The Sun emitted two solar flares on April 19, 2022, one moderate peaking at 9:35 p.m. EST and one strong peaking at 11:57 p.m. EST. NASA’s Solar Dynamics Observatory, which watches the Sun constantly, captured an image of both events.
Solar flares are powerful bursts of energy. Flares and solar eruptions can impact radio communications, electric power grids, navigation signals, and pose risks to spacecraft and astronauts.
The flare pictured above is classified as an M-Class flare. M-class flares are a class below the most intense flares, the X-class flares. The number provides more information about its strength. More info on how flares are classified can be found here.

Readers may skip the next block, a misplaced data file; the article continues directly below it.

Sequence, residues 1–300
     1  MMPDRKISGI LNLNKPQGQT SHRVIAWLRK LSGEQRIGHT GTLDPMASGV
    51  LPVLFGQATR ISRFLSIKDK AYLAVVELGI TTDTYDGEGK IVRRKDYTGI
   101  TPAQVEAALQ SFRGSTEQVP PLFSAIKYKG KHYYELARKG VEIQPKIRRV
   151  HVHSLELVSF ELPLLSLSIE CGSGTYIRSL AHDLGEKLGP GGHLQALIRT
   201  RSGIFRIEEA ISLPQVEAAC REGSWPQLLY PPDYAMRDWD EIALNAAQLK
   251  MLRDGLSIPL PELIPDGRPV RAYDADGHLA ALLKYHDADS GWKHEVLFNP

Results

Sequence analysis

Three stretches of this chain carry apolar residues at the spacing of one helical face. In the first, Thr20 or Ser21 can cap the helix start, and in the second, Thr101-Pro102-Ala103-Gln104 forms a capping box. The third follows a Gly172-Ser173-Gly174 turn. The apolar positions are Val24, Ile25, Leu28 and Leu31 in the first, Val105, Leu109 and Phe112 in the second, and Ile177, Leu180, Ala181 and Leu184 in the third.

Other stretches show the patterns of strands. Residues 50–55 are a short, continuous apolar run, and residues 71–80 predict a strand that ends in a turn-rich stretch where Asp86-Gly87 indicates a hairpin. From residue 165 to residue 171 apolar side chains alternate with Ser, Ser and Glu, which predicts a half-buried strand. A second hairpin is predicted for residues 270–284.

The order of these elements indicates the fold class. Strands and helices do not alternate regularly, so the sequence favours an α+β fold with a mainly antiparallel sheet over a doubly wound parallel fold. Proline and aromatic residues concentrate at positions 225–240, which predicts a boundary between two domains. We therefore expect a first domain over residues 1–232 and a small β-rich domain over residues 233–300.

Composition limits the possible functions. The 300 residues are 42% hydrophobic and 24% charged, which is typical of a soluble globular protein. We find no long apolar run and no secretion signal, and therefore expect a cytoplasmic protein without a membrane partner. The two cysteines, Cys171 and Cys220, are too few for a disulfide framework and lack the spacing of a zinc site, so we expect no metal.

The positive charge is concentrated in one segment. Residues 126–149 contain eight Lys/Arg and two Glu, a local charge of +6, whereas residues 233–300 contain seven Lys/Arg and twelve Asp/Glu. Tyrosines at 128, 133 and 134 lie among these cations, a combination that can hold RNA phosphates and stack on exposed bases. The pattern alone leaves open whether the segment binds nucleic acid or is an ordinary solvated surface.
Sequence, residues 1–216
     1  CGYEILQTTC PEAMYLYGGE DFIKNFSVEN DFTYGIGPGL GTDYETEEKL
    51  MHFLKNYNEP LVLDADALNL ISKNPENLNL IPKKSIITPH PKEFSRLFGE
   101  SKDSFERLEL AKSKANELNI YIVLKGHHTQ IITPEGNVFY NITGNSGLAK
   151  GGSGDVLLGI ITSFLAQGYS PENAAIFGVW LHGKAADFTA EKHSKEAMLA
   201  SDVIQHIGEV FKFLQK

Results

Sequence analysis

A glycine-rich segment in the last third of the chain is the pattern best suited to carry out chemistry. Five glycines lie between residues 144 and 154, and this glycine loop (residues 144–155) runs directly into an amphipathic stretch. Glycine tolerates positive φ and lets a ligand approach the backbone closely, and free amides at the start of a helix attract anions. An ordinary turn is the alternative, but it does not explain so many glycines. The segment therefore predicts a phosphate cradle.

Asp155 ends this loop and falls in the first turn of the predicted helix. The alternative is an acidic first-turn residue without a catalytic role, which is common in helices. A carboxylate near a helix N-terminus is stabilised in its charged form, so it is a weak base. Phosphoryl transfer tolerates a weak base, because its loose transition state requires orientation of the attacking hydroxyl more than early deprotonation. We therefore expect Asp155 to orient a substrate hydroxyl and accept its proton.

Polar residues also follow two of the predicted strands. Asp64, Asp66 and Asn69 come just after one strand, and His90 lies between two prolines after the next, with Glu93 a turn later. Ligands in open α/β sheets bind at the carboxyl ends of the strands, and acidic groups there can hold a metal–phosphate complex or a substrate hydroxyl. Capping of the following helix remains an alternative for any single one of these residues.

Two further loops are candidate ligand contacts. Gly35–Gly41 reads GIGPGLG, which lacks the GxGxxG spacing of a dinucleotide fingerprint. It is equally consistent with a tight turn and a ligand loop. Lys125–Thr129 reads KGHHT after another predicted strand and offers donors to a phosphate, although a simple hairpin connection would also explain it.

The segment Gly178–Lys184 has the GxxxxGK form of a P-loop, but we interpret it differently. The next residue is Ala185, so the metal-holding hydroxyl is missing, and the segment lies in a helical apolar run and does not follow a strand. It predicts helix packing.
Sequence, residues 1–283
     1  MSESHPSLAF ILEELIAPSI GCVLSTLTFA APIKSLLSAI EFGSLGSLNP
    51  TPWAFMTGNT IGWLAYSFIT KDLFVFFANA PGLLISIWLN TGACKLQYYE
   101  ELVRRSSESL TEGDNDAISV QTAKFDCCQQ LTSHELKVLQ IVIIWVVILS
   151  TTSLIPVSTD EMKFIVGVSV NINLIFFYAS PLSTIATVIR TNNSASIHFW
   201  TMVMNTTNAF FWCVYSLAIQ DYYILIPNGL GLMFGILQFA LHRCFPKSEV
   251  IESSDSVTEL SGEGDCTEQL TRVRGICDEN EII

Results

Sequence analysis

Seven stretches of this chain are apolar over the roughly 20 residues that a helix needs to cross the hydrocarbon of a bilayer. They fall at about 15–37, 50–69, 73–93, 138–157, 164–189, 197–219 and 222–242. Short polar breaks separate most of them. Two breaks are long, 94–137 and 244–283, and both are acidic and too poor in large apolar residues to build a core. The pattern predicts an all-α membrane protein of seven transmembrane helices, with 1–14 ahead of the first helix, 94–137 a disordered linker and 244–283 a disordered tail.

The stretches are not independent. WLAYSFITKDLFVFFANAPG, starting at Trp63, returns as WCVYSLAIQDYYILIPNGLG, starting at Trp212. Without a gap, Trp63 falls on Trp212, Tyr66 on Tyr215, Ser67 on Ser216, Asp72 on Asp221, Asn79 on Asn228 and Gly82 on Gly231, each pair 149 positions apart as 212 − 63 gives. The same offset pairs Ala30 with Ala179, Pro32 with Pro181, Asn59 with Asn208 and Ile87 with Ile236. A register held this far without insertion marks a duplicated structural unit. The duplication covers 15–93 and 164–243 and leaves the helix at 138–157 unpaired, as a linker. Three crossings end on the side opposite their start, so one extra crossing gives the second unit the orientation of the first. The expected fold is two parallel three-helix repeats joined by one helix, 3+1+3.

The flare pictured above is classified as an X-Class flare. X-class denotes the most intense flares.
To see how such space weather may affect Earth, please visit NOAA’s Space Weather Prediction Center https://spaceweather.gov/, the U.S. government’s official source for space weather forecasts, watches, warnings, and alerts. NASA works as a research arm of the nation’s space weather effort. NASA observes the Sun and our space environment constantly with a fleet of spacecraft that study everything from the Sun’s activity to the solar atmosphere, and to the particles and magnetic fields in the space surrounding Earth.